# Pretty Pyramids

Expert problem-solvers are always on the lookout for patterns. Sometimes, just thinking about a problem in the right way can make a tricky formula or proof obvious. But seeing a pattern usually isn't a matter of luck - it a matter of learning how to hunt for regularity and mathematical order purposefully. Some common and famous patterns will appear again and again, so be on the look out for them: arithmetic and geometric sequences, perfect squares, cubes, and other powers, prime numbers and the Fibonacci sequence are a few examples. Hunting down patterns is a skill, and like any other skill, the secret to becoming a master is practice, practice practice!

Here are some tips to get you started:

- When given a formula or pattern, experiment with it. Donâ€™t be afraid to try different things and test some smaller cases.
- Keep track of as much information as you can about every case you work on, and keep your notes well-organized.
- Look for numerical patterns in your notes and diagrams such as arithmetical and geometric sequences.
- When you spot a pattern, figure out why it exists.
- As you practice with many problems, you'll gradually build up a tool kit of both types of patterns and problem-solving techniques for finding those patterns hidden in challenging problems. If you get stumped on a particular problem, look at the solution and be sure to study the technique so that you can add it to your toolkit.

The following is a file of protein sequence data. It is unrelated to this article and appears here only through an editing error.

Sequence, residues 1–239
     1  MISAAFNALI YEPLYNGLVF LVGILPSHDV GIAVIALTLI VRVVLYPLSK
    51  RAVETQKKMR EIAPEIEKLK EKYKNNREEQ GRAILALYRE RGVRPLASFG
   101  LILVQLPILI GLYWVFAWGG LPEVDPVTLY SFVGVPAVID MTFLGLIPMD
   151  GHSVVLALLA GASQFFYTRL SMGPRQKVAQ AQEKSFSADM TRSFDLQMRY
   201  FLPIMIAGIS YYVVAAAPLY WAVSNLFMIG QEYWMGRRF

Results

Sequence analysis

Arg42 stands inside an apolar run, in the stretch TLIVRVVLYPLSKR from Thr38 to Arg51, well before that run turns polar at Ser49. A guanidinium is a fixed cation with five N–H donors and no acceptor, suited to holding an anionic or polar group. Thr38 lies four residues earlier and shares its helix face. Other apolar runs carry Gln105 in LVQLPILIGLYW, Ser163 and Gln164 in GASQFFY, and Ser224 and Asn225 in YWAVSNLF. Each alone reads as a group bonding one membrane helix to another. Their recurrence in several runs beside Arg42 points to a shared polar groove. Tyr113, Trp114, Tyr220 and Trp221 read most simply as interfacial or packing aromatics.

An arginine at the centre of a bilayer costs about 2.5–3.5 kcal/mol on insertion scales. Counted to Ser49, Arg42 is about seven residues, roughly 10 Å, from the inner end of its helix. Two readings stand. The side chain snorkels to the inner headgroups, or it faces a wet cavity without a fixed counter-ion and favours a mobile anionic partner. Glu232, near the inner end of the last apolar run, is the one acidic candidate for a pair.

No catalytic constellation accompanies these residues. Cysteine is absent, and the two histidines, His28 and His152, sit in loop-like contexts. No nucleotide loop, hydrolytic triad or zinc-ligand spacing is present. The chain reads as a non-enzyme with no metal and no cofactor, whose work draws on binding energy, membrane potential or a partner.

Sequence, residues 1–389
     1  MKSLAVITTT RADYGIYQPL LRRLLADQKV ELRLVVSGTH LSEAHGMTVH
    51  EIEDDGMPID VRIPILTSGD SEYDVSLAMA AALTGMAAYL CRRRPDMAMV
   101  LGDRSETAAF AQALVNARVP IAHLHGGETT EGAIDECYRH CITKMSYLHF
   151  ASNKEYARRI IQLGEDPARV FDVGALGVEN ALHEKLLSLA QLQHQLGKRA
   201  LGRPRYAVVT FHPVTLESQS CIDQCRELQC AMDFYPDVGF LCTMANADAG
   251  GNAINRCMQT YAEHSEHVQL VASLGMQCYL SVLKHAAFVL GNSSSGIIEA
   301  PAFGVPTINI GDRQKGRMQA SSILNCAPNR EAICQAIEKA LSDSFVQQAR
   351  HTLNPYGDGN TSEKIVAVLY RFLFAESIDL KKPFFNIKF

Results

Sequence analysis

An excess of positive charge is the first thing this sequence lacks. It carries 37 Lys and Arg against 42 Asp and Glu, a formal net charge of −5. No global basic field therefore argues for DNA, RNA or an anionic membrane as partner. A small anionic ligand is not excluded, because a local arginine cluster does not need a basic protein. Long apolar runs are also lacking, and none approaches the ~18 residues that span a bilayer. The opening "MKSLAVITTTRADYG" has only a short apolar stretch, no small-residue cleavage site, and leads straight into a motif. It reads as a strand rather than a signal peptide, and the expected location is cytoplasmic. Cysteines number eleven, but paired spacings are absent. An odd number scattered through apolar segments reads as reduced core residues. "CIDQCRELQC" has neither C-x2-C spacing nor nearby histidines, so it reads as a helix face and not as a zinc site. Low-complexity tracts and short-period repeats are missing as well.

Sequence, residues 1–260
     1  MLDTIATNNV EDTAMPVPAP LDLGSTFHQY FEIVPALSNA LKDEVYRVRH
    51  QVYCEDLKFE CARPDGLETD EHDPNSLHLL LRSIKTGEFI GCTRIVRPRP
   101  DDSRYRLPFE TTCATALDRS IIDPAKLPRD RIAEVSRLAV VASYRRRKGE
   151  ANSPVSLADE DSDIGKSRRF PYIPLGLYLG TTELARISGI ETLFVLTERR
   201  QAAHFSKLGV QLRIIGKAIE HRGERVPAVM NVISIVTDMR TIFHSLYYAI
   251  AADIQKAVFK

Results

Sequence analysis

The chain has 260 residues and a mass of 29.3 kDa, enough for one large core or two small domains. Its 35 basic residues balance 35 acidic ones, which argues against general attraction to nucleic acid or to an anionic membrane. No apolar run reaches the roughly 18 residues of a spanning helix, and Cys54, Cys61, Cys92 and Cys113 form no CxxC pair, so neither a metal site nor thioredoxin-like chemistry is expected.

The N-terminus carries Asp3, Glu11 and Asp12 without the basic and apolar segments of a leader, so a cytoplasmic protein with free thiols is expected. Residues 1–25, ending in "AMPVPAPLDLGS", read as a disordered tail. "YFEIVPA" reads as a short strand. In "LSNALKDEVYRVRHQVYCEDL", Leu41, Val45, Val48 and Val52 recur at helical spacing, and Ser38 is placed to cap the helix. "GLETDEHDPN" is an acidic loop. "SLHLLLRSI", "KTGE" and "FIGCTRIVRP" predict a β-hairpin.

Evaluate:

\[ 1 + 2 + 3 + \dots + 8 + 9 + 8 + \dots + 3 + 2 + 1. \]

This problem can be solved by route, but it can also be solved with a pattern that will also work for much larger cases of our pyramid.

Look at the symmetry in \( 1 + 2 + 3 + \dots + 8 + 9 + 8 + \dots + 3 + 2 + 1 \) -- we have only one 9, but 2 copies of every other number less than 9, so maybe we can pair them up. Also, notice that \( 1, 2, 3 \dots\) is a simple arithmetic sequence, increasing by 1 at each step. Because of this, it can be "folded over" on itself in pairs that add up to the same value \((9)\) in each column:

\[ \begin{array} {c c c c c c c c c c c c c c c c } & 1 & + & 2 & + & 3 & + & 4 & + & 5 & + & 6 & + & 7 & + & 8 \\ + & 8 & + & 7 & + & 6 & + & 5 & + & 4 & + & 3 & + & 2 & + & 1 \\ \hline & 9 & + & 9 & + & 9 & + & 9 & + & 9 & + & 9 & + & 9 & + & 9 \\ \end{array} \]

In total, there are 9 sets of 9 (including the original central column of the pyramid). Therefore, the answer is \(9^2 = \fbox{81}.\)

In Basic Mathematics, you will learn about:

- Recognizing Patterns: This is the bread and butter of being a mathematician. A quick recognition of patterns allows you to form hypothesis and ideas, paving a route to attacking the problem.
- General Term Pattern Recognition: After you find a pattern, the next step is to describe it rigorously, and in such a way that you can easily calculate even the cases of the pattern that have very large numerical values.

These basics will prepare you for more advanced study of mathematical patterns such as:
- Arithmetic and Geometric Progressions
- Perfect Squares, Cubes and Powers
- Prime Numbers and their distribution

- The Fibonacci Sequence